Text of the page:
The Steadman Clinic’s Dr. Michael Gallizzi Reaches Another Milestone

Dr. Gallizzi recently became the first surgeon in the Mountain Region to perform 100 robotic spine surgeries and 100 endoscopic spine surgeries

VAIL, Colo. – Robotic and endoscopic spine surgeon Dr. Michael Gallizzi joined The Steadman Clinic surgical team in March and has quickly made his presence known on the Clinic’s elite team of surgeons.

In April, Dr. Gallizzi joined a short list of spinal surgeons worldwide who have eclipsed the century mark in applying the fast-growing technique of robotic surgery.

In September, the Detroit, Mich., native reached the century mark in endoscopic spine surgeries, making him the first surgeon in the Mountain Region of the United States to complete 100 procedures in both robotic and endoscopic spine surgery.

With most spinal surgeons generally specializing in one procedure or the other, Dr. Gallizzi has joined a small and elite group of specialists who have performed 100 or more of both the robotic and endcoscopic cases.

The difference in the robotic and endscopic procedures helps to explain why many surgeons focus on one over the other.

“They are actually diametrically opposite procedures,” explained Dr. Gallizzi. “The robotic surgery is really instrumental in doing minimally invasive spinal fusions. We are able to place hardware with 99-plus percent accuracy and avoid neural structures, as well as adjacent level joints so we don't disturb any of the other parts of the anatomy.

“The endoscopic procedure is typically reserved for decompressions and disc surgery. I also often do a procedure for low back pain. That is called a medial branch transection that eliminates a nerve that causes back pain from back arthritis.”

While the procedures are quite different, Dr. Gallizzi feels equally adept in performing both and explains some of the reasons why one is more prevalent than the other.

“Endoscopic adoption has been slower than robotic spine surgery adoption in our country,” he said. “In Europe and other parts of the world, the endoscopic surgery is actually more common. There are far more endoscopy cases done in Europe and Asia than in the United States.”

There are reasons for these discrepancies between the United States and the rest of the world and much of that, according to Dr. Gallizzi, is due to the way American surgeons are trained.

“Some of the training in our own medical system is the cause of that difference,” offered Dr. Gallizzi. “We seldom train the endoscopic procedure during residency or fellowship. So if you want to go and understand how to do it, learn it and become proficient at it, you generally have to take a lot of extra time away and actually go train on your own and learn how to do it. And many surgeons just don’t have the extra time to devote to that.”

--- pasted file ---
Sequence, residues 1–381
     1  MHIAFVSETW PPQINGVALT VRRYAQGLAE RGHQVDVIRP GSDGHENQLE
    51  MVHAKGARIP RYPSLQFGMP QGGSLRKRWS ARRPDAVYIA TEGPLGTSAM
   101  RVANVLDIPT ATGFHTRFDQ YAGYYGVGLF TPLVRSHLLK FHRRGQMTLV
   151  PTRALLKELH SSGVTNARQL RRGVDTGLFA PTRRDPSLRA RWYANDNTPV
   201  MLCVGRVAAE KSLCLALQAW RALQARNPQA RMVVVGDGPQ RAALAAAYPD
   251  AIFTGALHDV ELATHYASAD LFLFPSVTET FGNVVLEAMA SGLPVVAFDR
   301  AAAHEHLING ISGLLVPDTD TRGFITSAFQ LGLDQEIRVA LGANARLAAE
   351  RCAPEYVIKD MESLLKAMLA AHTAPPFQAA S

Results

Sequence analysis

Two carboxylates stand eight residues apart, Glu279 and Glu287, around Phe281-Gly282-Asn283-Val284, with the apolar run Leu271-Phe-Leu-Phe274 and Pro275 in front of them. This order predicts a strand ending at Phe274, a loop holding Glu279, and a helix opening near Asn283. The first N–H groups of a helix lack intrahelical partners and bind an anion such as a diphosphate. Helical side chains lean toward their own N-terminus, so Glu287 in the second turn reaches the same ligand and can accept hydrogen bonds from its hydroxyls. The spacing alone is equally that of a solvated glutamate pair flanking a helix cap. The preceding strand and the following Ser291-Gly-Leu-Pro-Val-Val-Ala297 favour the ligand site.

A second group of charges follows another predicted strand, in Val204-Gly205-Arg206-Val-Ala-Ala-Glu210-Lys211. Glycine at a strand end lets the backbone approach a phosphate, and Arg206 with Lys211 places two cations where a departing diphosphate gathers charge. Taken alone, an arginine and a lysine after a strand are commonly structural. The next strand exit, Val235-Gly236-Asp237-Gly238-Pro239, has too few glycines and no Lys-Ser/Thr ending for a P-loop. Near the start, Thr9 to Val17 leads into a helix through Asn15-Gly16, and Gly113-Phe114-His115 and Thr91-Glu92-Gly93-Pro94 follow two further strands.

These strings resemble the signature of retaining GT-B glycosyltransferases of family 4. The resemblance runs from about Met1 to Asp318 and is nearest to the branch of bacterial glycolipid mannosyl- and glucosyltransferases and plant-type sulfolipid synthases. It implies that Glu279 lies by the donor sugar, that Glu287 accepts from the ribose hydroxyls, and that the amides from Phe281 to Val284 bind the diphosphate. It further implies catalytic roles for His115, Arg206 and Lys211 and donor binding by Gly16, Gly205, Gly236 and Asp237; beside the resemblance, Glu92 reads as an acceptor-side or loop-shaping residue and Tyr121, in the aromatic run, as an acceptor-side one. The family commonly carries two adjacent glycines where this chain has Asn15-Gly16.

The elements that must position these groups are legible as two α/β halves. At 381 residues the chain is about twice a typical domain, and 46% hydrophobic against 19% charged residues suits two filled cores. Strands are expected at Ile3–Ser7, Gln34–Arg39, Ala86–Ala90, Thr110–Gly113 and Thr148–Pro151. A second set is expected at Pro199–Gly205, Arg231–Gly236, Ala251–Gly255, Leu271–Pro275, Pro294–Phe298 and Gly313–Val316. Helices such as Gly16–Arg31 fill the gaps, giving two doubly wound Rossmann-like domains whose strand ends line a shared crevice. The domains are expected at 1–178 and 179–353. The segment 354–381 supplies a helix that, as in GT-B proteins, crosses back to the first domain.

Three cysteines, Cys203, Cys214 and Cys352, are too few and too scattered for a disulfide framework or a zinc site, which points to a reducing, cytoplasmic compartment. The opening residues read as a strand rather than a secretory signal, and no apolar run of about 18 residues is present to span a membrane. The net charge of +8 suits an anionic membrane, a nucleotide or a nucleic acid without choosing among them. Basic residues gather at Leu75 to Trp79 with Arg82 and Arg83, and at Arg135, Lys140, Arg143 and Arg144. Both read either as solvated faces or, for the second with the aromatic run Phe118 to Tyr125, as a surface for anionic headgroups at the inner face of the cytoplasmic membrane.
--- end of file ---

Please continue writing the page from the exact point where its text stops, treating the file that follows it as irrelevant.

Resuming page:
While many spinal surgeons specialize in one procedure or the other, Dr. Gallizzi is now beginning to not only perform both, but he is also embarking on the process of combining the two procedures.

“I’m starting to combine the two techniques, meaning that I am using the robot to assist with targeting the small incision and then actually using the scope through the robot,” Dr. Gallizzi said. “It’s really utilizing the best of both worlds of the two techniques and certainly enhances my ability to accurately perform the procedures.”

What is the next step for Dr. Gallizzi as he moves forward with his groundbreaking achievements at The Steadman Clinic?

“I definitely think that being able to perform these larger surgeries through smaller incisions that are more precise is going to lead to some changes,” answered Dr. Gallizzi. “I think we will see the surgeries that were previously performed only in the hospital begin migrating to an outpatient surgery center.

“And, you know, more precise surgery means less tissue to heal and the chance to decrease the narcotic use in recovery at a hospital,” said Dr. Gallizzi. “The bigger the incision, the more soft tissue damage occurs and the longer the necessary recovery time for the patient.”

Changes like these could lead to reduced hospitalization costs and getting the patients back on their feet and in their active lifestyles sooner and with much less pain.

That result mirrors exactly the approach that has been in place at The Steadman Clinic since Dr. J. Richard Steadman founded it more than 30 years ago. His philosophy was to use innovation to help people return to activity quicker and to stay active longer.

“You can never outgrow Dr. Steadman’s philosophy,” said Dr. Gallizzi. “And with today’s technology, we can continue to apply that philosophy of innovation.”

For further information, contact Lynda Sampson, vice president of external affairs at SPRI (

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